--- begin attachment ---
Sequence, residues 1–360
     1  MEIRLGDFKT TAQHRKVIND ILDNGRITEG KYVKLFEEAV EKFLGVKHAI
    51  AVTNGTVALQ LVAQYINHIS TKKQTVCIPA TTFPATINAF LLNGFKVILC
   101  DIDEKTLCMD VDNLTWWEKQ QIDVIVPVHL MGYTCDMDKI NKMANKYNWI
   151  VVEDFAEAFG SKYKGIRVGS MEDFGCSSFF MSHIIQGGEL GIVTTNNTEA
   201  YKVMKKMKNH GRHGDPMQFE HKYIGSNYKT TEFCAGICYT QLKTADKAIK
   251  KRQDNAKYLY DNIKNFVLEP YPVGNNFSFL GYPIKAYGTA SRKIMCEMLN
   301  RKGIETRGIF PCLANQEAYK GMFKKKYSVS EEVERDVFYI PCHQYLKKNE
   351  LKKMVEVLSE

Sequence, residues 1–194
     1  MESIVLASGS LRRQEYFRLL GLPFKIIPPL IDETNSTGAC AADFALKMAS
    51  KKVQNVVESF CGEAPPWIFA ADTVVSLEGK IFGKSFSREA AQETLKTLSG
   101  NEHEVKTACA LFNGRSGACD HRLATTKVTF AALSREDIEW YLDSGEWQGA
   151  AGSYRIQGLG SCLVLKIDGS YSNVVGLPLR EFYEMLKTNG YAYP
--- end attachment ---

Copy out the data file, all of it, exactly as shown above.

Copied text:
Sequence, residues 1–360
     1  MEIRLGDFKT TAQHRKVIND ILDNGRITEG KYVKLFEEAV EKFLGVKHAI
    51  AVTNGTVALQ LVAQYINHIS TKKQTVCIPA TTFPATINAF LLNGFKVILC
   101  DIDEKTLCMD VDNLTWWEKQ QIDVIVPVHL MGYTCDMDKI NKMANKYNWI
   151  VVEDFAEAFG SKYKGIRVGS MEDFGCSSFF MSHIIQGGEL GIVTTNNTEA
   201  YKVMKKMKNH GRHGDPMQFE HKYIGSNYKT TEFCAGICYT QLKTADKAIK
   251  KRQDNAKYLY DNIKNFVLEP YPVGNNFSFL GYPIKAYGTA SRKIMCEMLN
   301  RKGIETRGIF PCLANQEAYK GMFKKKYSVS EEVERDVFYI PCHQYLKKNE
   351  LKKMVEVLSE

Sequence, residues 1–194
     1  MESIVLASGS LRRQEYFRLL GLPFKIIPPL IDETNSTGAC AADFALKMAS
    51  KKVQNVVESF CGEAPPWIFA ADTVVSLEGK IFGKSFSREA AQETLKTLSG
   101  NEHEVKTACA LFNGRSGACD HRLATTKVTF AALSREDIEW YLDSGEWQGA
   151  AGSYRIQGLG SCLVLKIDGS YSNVVGLPLR EFYEMLKTNG YAYP